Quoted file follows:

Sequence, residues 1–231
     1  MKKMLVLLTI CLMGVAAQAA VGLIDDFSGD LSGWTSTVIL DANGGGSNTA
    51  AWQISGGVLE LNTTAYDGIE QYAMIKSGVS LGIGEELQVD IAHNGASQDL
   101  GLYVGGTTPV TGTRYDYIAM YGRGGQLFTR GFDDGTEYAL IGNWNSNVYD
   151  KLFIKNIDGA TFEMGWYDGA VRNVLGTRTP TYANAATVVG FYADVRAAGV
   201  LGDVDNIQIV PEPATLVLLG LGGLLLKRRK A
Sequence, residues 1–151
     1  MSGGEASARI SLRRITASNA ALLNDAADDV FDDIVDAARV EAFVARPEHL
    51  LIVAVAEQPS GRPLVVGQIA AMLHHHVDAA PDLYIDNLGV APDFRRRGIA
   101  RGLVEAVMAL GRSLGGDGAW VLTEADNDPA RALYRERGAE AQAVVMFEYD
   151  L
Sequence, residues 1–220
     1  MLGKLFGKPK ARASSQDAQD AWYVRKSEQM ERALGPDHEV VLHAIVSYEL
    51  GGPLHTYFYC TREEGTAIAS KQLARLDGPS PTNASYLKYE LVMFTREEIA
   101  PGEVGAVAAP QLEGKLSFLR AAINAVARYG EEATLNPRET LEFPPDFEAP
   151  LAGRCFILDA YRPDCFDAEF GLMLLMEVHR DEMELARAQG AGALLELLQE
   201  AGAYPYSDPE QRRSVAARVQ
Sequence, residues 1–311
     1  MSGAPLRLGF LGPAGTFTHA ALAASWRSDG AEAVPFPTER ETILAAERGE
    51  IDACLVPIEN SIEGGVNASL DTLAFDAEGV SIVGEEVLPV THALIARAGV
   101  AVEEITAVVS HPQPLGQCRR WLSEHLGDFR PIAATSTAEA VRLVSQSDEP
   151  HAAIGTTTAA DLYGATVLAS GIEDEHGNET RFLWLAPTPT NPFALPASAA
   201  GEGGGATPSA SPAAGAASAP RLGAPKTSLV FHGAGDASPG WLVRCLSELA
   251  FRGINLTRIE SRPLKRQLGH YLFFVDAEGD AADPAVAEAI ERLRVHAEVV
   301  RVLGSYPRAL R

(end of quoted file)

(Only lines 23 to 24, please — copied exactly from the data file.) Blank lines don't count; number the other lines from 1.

   201  GEGGGATPSA SPAAGAASAP RLGAPKTSLV FHGAGDASPG WLVRCLSELA
   251  FRGINLTRIE SRPLKRQLGH YLFFVDAEGD AADPAVAEAI ERLRVHAEVV